Lawmakers on Tuesday called on the government to take immediate action to tackle ‘unfair competition’ taking place across the Green Line, as well as clamp down on smuggling from the north.
The matter was discussed at a closed-doors session of the House commerce committee, attended by the commerce and foreign ministers.
In remarks later, committee chair Kyriacos Hadjiyiannis said a frank discussion was held, but he also complained of a major difference of attitude between MPs and the government. The former believe the issue is far more serious than the latter.
But in their comments to the media, lawmakers did not reveal numbers on the scope of the smuggling.
Hadjiyiannis said all parties involved have to tread carefully so as not to give the impression they are questioning the Green Line Regulation itself. Doing so would be counterproductive and potentially damaging, as the regulation had been a “fundamental” condition for the accession of the Republic of Cyprus to the EU.
The Green Line Regulation provides for trade in goods produced in the north.
Likewise, Akel MP Costas Costa clarified that two issues exist, and they are separate. The first is the lack of checks on legitimate trade across the Green Line, which allows sub-standard Turkish Cypriot goods to enter the market in the south, leading to “unfair competition.”
Costa recalled that Cyprus had agreed to the Green Line Regulation, adding that “if we try to change something we risk creating a huge problem, that is, the EU might push what it wanted to do in the first place – a regulation for direct trade [with the north], which would be a disaster for the Republic of Cyprus.
“There indeed exists a serious problem vis a vis competition, especially with products originating from Turkey,” Costa noted.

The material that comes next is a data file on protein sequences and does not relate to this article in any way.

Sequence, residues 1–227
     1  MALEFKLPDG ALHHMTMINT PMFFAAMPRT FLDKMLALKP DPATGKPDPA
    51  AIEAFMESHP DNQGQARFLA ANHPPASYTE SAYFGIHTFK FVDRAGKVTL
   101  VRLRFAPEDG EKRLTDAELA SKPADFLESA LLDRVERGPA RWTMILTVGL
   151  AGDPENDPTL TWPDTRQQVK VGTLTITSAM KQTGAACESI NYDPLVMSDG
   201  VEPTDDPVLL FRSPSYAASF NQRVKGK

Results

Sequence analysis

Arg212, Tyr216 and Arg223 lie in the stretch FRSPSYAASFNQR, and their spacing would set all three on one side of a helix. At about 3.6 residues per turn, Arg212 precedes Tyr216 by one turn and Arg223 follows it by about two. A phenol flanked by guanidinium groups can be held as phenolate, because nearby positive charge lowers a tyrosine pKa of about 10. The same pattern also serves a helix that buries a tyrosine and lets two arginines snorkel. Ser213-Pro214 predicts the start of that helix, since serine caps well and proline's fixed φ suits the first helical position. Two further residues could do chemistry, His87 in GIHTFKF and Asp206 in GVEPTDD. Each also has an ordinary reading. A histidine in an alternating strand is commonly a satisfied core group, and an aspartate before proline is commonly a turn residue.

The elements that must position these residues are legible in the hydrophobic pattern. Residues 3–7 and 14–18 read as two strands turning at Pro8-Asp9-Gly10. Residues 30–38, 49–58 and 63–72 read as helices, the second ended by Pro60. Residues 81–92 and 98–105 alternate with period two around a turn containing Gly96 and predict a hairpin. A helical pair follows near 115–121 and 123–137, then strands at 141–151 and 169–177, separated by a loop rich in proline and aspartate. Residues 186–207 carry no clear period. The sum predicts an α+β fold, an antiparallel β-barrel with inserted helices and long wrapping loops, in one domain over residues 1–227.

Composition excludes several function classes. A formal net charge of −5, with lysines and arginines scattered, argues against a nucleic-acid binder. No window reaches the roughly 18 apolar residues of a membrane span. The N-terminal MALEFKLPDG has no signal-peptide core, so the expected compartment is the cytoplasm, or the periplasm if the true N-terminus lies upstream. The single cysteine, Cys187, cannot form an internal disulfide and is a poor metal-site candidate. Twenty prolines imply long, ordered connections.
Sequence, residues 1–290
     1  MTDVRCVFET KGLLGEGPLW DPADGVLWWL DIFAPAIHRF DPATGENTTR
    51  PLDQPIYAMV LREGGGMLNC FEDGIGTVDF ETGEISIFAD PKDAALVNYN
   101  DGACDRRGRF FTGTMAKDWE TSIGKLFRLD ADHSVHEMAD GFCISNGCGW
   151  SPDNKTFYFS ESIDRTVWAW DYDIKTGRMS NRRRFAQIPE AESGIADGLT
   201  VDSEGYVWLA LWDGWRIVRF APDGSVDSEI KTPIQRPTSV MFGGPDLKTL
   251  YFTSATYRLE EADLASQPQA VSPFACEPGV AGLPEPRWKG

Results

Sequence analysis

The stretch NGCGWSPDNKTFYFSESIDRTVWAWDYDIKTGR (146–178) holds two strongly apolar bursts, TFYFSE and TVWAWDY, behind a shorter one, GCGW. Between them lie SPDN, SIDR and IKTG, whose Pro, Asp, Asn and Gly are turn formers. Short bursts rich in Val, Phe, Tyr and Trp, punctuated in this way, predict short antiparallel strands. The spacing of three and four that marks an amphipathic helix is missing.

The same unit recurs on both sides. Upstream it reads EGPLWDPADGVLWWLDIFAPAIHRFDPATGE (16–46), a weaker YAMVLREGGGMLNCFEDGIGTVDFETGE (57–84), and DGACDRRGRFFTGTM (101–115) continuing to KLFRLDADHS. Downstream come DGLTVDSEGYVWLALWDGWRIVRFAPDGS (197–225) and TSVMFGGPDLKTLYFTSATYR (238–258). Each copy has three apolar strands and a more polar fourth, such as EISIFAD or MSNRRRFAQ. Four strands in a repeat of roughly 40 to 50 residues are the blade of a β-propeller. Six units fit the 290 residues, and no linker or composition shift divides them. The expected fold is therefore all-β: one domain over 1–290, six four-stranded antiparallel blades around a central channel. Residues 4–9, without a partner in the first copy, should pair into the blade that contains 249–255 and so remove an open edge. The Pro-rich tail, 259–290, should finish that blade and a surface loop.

Disparities in VAT and lack of certification – particularly ‘green certification’ – on products coming in from the north, meant that these products are cheaper than their counterparts in the south.
One problem area concerned construction materials, said by MPs to be of inferior quality – and also less expensive.
MPs urged the government to come back with specific proposals on how to deal with the issue.
The second issue is smuggling via locations other than the legitimate crossing points along the Green Line. The area of Pyla was identified as a major trouble spot.
Some lawmakers called for stiffer penalties on smugglers.
Nationalist party Elam reiterated its demand for the closure of all crossing points.
The party’s Geadis Geadi called it “the apex of absurdity that we are even discussing whether goods produced illegally in our occupied properties [the north] can be legitimately traded.”
He said the Cyprus problem is not a legal issue, but a problem of invasion and occupation.
“Until such time as the crossing points are shut down, we will table a legislative proposal mandating the labeling of all products from the occupied territories, because consumers have the right to know.”